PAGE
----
In the paper, Bifurcation analysis of the twist-Fréedericksz transition in a nematic liquid-crystal cell with pre-twist boundary conditions (2009 Eur. J. Appl. Math.20, 269–287) by da Costa et al. the twist-Fréedericksz transition in a nematic liquid-crystal one-dimensional cell of lenght L was studied, imposing an antisymmetric net twist Dirichlet condition at the cell boundaries. In the present paper, we extend that study to the more general case of net twist Dirichlet conditions without any kind of symmetry restrictions. We use phase-plane analysis tools and appropriately defined time maps to obtain the bifurcation diagrams of the model when L is the bifurcation parameter, and related these diagrams with the one in the antisymmetric situation. The stability of the bifurcating solutions is investigated by applying the method of Maginu (1978 J. Math. Anal. Appl.63, 224–243).
Exploring the spatial distribution of the star formation rate (SFR) in nearby galaxies is essential to understand their evolution through cosmic time. With this aim in mind, we use a representative sample that contains a variety of morphological types, the CALIFA Integral Field Spectroscopy (IFS) sample. Previous to this work, we have verified that our extinction-corrected Hα measurements successfully reproduce the values derived from other SFR tracers such as Hαobs + IR or UVobs + IR (Catalán-Torrecilla et al. 2015).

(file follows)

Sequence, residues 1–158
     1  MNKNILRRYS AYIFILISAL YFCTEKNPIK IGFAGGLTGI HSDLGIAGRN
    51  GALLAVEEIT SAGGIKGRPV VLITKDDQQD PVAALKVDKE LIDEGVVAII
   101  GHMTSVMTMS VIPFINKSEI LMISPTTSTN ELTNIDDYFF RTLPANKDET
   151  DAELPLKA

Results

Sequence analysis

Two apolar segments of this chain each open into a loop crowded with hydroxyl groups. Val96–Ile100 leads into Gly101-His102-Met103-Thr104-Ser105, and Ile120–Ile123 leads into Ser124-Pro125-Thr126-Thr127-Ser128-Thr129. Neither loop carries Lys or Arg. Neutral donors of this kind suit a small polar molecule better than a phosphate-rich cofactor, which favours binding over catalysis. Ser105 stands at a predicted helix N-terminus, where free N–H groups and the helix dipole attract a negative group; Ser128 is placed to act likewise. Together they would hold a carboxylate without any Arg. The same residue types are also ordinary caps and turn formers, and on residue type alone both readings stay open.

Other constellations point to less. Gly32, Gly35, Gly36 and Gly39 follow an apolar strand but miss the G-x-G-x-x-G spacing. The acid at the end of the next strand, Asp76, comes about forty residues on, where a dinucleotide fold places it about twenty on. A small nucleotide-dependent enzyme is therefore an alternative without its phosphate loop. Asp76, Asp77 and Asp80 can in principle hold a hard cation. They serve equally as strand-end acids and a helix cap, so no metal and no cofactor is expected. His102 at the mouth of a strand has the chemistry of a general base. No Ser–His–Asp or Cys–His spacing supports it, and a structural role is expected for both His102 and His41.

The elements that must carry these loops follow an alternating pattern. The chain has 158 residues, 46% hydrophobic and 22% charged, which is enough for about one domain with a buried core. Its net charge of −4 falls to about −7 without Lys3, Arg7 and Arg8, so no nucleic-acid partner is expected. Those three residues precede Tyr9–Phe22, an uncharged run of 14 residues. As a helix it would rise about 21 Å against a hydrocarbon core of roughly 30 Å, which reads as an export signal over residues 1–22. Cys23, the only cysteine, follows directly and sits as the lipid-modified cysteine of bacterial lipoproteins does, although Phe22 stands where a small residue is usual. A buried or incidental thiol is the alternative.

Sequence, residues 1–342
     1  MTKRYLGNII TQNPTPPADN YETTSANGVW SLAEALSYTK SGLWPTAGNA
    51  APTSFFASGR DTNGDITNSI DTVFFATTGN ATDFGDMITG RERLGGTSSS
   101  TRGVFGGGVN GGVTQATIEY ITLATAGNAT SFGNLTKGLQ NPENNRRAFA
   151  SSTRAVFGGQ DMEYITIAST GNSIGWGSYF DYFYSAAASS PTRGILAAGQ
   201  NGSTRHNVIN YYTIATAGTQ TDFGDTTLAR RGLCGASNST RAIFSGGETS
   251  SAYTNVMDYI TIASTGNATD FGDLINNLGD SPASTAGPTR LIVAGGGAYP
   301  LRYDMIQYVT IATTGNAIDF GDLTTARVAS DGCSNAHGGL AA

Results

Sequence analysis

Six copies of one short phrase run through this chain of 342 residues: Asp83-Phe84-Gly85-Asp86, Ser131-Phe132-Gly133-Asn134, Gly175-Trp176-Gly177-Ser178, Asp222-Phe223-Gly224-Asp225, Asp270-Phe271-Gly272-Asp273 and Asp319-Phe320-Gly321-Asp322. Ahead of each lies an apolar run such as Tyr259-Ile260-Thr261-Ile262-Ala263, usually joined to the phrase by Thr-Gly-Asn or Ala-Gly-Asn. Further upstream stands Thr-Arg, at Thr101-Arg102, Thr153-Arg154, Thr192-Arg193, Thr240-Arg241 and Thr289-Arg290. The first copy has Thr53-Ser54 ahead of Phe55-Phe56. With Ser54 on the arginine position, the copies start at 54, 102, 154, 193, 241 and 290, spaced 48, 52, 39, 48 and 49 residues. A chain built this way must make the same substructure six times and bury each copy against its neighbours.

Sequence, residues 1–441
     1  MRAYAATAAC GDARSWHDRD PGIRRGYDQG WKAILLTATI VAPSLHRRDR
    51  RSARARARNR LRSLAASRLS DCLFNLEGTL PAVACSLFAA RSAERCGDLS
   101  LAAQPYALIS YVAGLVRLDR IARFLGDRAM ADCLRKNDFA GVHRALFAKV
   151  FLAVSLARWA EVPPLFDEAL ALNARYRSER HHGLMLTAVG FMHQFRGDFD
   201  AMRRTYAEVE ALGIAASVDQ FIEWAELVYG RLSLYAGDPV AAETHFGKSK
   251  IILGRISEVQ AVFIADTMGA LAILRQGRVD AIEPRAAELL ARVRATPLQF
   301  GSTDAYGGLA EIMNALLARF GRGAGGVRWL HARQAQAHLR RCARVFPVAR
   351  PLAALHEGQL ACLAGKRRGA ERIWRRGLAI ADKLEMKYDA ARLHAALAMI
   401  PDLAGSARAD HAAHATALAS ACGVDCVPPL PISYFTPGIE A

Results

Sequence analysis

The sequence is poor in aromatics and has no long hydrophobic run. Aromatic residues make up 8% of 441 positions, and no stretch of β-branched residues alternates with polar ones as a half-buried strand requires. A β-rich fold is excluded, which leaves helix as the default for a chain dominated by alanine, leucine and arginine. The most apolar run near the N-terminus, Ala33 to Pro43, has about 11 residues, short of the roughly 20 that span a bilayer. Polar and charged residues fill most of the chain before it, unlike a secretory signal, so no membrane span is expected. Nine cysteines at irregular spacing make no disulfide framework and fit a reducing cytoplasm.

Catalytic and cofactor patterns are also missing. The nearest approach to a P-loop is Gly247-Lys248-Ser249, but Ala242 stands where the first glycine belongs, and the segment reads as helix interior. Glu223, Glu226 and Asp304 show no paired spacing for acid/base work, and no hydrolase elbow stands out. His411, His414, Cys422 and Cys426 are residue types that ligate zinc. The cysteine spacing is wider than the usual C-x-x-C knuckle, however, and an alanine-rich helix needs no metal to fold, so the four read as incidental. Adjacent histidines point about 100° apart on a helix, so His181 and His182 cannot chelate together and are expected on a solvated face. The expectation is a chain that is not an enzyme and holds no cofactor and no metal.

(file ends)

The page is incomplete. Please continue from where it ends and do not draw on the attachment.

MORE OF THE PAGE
Now, we go one step further applying 2-dimensional photometric decompositions (Méndez-Abreu et al. (2008), Méndez-Abreu et al. (2014)) over these datacubes. This method allows us to obtain the amount of SFR in the central part (bulge or nuclear source), the bar and the disk, separately. First, we determine the light coming from each component as the ratio between the luminosity in every component (bulge, bar or disk) and the total luminosity of the galaxy. Then, for each galaxy we multiply the IFS datacubes by these previous factors to recover the luminosity in each component. Finally, we derive the spectrum associated to each galaxy component integrating the spatial information in the weighted datacube using an elliptical aperture covering the whole galaxy.